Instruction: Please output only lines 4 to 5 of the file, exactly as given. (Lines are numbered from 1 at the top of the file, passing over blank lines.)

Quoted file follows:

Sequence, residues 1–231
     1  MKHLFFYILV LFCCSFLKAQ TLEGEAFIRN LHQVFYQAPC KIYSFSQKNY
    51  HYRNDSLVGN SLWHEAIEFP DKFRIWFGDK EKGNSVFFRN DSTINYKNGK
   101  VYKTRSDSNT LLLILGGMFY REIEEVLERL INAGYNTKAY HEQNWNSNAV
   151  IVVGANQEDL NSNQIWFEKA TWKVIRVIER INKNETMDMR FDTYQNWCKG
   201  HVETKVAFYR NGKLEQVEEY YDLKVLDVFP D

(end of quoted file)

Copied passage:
   101  VYKTRSDSNT LLLILGGMFY REIEEVLERL INAGYNTKAY HEQNWNSNAV
   151  IVVGANQEDL NSNQIWFEKA TWKVIRVIER INKNETMDMR FDTYQNWCKG